2. Jay-Z – Change Clothes (The Purple Album Remix)

The Purple Album is another great take on Jay-Z’s Black Album, as it uses tracks and sounds taken exclusively from Prince’s Purple Rain and creates almost entirely new beats with them. I either don’t know or can’t remember who’s responsible for this one, there are just too many Black Album remixes to keep track, though DJ Quest and K12 both come up as possible candidates. Either way, mixing an already pop-oriented song with Prince certainly doesn’t make it any more hood, but it most definitely makes it much better, and a hell of a lot more fun to listen to. This is one of those tracks that when you throw it on a party, half the people in the room (Jay-Z fans or not) will look at you and go, “Where the hell did you get this?” It’s a completely different take on the Black Album, and one that I think works pretty gloriously. As long as you don’t try to take it to seriously. Oh, and if Reasonable Doubt is the only Jay-Z album you listen to, you’re not gonna like this one bit.

3. Jay-Z – Change Clothes (The Black Chronic Remix)

The Black Chronic is probably among the most understandable (in terms of knowing what it is you’re hearing) Black Album remixes. Done by the Bash Brothers, it’s actually more of direct mash up than a remix, taking the rhymes from the Black Album and laying them over all the sick beats from Dr. Dre’s Chronic 2001 masterpiece. In this particular song, “Change Clothes” is mashed with the hard and heavy beat from Dre’s “Fuck You,” and it works out quite well. Unlike mixing the Black Album with a Prince album, mixing it with something that carries the street-cred and street-sound of a Dr. Dre album definitely turns “Change Clothes” into an entirely different song, transforming it from chart-friendly “hip-pop” back into a legitimate hip hop song. Funny thing is, it really does work too. Problem solved.

JustJake’s Picks

This week’s picks have been a long time coming. They are all from my hands-down, desert-island-choose-one-and-only-one, favorite group, The Band. Eric Clapton said about the group’s seminal first album: “Back in 1968 I heard a record called Music from Big Pink and it changed my life and the course of American music.” Legend has it that it’s the reason he left Cream. But don’t take Clapton’s word for it, here are three picks (and it’s hard to pick only three) off that record.

1. The Band – Long Black Veil

This song is simply tremendous. Written in the 1950’s and originally recorded by country legend Lefty Frizzell, “Long Black Veil” is a haunting tale from beyond the grave that sounds as old as the hills. The organs, tubas, and harpsichord that The Band uses add to the song’s strangeness and emotion without taking it out of dirt and grit that give it its soul. This album has very few songs on it that sound like anything that came before, but “Long Black Veil” serves almost as a reminder from The Band that it knows where it comes from and cares about its roots.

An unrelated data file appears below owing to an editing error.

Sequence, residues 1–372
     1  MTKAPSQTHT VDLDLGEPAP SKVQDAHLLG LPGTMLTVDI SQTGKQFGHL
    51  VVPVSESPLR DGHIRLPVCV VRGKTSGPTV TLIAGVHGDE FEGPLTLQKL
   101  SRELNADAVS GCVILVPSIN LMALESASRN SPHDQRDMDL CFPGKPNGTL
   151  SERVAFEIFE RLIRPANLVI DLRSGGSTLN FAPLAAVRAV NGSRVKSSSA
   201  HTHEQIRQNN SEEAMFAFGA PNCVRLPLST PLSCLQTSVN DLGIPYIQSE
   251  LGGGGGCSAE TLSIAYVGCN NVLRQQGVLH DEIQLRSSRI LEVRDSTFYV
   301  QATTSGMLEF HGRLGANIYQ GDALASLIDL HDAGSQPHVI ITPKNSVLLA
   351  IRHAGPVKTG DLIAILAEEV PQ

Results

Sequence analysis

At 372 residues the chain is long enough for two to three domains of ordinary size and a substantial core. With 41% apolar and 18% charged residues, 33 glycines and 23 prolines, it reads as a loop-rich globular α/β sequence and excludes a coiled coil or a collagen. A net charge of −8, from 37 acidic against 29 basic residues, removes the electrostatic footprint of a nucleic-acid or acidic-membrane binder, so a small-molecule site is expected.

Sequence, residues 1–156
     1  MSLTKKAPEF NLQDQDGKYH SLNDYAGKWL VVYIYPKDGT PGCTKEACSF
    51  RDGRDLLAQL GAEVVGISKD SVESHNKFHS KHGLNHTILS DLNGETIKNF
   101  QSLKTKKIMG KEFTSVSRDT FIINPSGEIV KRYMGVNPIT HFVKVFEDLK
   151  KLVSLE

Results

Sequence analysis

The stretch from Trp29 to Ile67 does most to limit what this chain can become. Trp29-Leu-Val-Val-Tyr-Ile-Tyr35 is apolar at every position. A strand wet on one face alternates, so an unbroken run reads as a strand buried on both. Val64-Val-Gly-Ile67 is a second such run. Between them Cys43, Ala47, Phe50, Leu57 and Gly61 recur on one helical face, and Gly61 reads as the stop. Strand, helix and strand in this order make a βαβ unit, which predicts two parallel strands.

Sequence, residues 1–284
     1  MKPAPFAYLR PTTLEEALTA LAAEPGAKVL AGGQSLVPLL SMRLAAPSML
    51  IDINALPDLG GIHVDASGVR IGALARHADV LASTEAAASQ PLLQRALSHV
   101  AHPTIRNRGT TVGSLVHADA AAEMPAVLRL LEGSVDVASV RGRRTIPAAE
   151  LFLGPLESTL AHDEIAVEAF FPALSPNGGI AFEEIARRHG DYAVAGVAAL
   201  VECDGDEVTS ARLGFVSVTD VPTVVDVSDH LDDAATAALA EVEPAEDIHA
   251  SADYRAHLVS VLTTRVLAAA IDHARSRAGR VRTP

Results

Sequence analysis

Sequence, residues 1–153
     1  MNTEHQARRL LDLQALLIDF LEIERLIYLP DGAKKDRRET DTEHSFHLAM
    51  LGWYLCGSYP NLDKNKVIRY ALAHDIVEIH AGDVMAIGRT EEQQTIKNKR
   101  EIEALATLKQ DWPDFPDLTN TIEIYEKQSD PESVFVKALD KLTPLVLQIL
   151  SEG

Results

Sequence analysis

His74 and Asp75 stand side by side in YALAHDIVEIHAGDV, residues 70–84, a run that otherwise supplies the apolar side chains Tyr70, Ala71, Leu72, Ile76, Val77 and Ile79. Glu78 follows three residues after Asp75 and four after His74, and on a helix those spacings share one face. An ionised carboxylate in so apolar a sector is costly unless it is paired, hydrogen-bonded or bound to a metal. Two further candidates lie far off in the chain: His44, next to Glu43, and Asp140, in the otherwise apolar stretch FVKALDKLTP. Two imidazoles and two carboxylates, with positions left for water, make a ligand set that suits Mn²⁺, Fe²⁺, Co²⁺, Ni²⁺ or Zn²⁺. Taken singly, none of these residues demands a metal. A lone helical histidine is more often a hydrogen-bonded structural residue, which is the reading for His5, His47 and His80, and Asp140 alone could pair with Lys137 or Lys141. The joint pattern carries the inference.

2. The Band – Chest Fever

As the story goes, Garth Hudson, The Band’s organist, horn player, and musical guru originally had to tell his family that he was giving his fellow band members music lessons instead of playing in a rock n roll band. Hudson was raised as a serious classical musician and even jazz was blasphemous. His talents remain to this day and you can still find him making strange music on strange instruments, sounding part seafaring, part space exploring. Hudson was responsible for much of ornamental details and subtle touches in The Band’s music that ultimately help give it its depth. While on tour, this song became Hudson’s time to play around. For an idea of what that was like check out this grainy but amazing video from Wembley Stadium (1974).

3. The Band – I Shall Be Released

The last song on Big Pink, “I Shall Be Released” is one of three on the album either written or co-written by Bob Dylan, who The Band backed before striking out on their own. Richard Manuel was one of three amazingly talented singers in the group (Levon Helm and Rick Danko being the others) and his falsetto (and piano) on this track is both eerie and beautiful. The space stands out in this song almost as much as the music itself does; there’s a pervasive sense of loneliness, as if the song were recorded in a giant empty cell.

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The Friday Writers’ Bloc: May 30th, 2008

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Jonathan’s Picks

1. Wyclef Jean Feat. Lupe Fiasco – Fast Car (Fugee Remix)